In the ongoing trade ban imposed by the U.S. on Chinese products, the Trump administration has furthermore threatened to impose new levies to cover nearly all imports from China, thereby putting Apple and other manufacturers under pressure to manufacture their products in the States itself to avoid tariffs.
In the face of this comes to report about Apple Inc shifting manufacturing of its latest Mac Pro desktop computer to China from the United States.
China plays a very significant role in the growth and revenue of Apple with the economy being a central market for Apple and a major production center of Apple's devices.
Last week, Nikkei had reported about Apple asking its major suppliers to assess the cost implications of moving 15% to 30% of their production capacity from China to Southeast Asia.
Yesterday, Apple’s shares were down marginally at $198.69.
D.A. Davidson analyst Tom Forte thinks that Apple's move is indicative of their high confidence in the U.S. and China resolving their trade disputes in the near future.
Moreover, the Wall Street Journal also talked about how Apple's decision follows the conclusion of them getting tax subsidies for making Mac Pro desktops in a plant in Texas that is run by contract manufacturer Flex Ltd.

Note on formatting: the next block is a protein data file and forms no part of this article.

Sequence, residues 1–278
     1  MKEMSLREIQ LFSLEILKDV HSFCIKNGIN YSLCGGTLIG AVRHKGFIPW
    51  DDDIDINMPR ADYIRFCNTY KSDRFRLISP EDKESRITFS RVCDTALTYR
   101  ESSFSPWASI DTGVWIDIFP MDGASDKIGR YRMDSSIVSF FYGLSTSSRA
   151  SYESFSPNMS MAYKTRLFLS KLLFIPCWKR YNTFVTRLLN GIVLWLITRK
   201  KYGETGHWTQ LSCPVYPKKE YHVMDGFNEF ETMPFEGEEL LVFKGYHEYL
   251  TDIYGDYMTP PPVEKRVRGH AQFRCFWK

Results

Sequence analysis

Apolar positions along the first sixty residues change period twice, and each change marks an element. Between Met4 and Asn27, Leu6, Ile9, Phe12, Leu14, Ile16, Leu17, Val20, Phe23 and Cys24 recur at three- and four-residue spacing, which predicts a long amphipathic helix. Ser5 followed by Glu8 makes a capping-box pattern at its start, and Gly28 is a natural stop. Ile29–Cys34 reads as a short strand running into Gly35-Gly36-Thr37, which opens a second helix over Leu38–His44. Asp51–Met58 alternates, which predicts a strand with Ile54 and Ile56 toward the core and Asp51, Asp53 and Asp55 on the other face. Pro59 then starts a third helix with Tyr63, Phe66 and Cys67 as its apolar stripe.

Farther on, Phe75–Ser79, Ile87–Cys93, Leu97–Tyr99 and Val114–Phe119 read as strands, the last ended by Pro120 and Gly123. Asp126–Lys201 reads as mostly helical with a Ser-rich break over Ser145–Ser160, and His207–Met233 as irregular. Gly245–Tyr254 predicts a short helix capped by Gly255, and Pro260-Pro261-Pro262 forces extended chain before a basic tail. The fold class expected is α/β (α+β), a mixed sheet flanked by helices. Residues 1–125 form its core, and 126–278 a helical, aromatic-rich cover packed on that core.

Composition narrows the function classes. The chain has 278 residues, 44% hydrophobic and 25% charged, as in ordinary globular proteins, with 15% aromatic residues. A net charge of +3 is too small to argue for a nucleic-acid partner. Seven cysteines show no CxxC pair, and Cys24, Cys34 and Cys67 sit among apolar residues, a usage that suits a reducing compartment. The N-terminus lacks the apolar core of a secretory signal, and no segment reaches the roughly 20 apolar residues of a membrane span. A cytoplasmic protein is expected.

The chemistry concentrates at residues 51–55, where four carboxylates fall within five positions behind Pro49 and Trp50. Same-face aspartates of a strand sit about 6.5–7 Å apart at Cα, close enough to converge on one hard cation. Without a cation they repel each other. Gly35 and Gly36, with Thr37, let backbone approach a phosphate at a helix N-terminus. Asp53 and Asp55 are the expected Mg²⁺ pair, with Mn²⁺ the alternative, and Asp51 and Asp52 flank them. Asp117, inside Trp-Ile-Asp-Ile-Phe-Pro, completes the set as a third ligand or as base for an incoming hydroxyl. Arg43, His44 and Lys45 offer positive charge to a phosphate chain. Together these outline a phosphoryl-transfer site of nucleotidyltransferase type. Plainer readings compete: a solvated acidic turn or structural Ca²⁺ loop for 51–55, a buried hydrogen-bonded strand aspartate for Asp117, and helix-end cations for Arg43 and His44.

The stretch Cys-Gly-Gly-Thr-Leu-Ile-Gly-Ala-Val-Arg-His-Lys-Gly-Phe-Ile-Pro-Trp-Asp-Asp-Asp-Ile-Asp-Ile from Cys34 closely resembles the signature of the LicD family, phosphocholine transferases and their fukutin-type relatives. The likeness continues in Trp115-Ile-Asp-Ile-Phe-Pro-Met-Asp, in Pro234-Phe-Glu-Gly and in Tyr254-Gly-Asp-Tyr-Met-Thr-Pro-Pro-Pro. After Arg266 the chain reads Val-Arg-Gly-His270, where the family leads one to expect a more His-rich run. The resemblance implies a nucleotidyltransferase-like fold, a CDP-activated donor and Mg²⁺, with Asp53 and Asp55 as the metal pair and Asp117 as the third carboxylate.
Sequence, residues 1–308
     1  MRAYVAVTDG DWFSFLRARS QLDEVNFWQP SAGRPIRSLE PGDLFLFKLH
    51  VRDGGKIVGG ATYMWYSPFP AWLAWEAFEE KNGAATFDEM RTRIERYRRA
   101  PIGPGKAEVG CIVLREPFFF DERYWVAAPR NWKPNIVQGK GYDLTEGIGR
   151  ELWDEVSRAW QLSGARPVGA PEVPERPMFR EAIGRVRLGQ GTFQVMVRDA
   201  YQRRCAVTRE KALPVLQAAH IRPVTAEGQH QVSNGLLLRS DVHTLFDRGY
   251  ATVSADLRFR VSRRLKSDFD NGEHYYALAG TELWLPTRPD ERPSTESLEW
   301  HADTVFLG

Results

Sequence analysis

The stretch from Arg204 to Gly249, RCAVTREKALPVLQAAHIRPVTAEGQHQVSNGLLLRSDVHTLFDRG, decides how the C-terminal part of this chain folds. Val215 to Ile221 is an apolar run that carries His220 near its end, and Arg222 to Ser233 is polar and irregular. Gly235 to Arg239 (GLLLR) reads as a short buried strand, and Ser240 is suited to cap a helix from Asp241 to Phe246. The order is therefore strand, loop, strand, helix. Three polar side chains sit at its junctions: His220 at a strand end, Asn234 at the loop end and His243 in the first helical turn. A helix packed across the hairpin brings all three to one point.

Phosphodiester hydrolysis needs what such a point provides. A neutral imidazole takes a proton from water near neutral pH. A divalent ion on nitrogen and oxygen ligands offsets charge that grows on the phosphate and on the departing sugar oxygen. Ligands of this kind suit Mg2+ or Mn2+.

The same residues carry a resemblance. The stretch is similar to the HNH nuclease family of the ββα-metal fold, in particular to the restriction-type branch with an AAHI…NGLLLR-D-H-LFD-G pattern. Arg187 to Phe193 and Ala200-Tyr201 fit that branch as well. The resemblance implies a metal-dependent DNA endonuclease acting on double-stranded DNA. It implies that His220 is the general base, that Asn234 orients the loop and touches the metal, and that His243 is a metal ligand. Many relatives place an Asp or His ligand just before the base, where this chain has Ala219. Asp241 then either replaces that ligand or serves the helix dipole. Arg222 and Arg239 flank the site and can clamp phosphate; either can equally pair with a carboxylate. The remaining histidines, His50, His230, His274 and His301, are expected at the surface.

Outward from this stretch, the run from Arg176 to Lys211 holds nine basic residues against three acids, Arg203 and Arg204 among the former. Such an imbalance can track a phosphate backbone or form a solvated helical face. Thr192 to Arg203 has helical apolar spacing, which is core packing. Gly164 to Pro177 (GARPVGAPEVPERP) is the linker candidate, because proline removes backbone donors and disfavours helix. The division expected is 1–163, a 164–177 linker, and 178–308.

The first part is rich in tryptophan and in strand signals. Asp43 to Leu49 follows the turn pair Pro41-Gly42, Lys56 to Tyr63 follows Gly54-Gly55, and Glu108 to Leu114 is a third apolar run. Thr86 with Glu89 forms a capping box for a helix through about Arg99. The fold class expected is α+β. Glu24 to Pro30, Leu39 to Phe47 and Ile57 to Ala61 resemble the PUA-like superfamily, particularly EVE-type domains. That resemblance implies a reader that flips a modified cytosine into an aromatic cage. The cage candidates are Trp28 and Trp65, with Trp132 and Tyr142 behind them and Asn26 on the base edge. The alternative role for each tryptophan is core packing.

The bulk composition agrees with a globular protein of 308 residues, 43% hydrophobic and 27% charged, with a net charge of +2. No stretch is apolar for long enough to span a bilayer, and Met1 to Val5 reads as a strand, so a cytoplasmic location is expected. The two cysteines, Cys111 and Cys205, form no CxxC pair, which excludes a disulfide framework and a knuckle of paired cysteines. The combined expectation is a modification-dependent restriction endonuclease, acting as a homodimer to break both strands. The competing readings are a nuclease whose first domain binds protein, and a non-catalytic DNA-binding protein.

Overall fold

This move also comes in the face of the recent declining sale of its Mac products. The Mac Pro, which costs about $6,000 and is targeted at creative professionals, accounted for less than 10% of Apple’s total sales in 2018, the majority of sales constituting Apple's iPhones.
(This) serves as a reminder that, relative to the U.S., manufacturing in China remains a lower-cost alternative and benefits from an existing infrastructure, versus having to, potentially, rebuild one in the U.S. - Forte
The Journal's report included the information that Apple has partnered up with contractor Quanta Computer Inc for the manufacture of Apple's Mac Pro, along with ramping up production at a factory near Shanghai.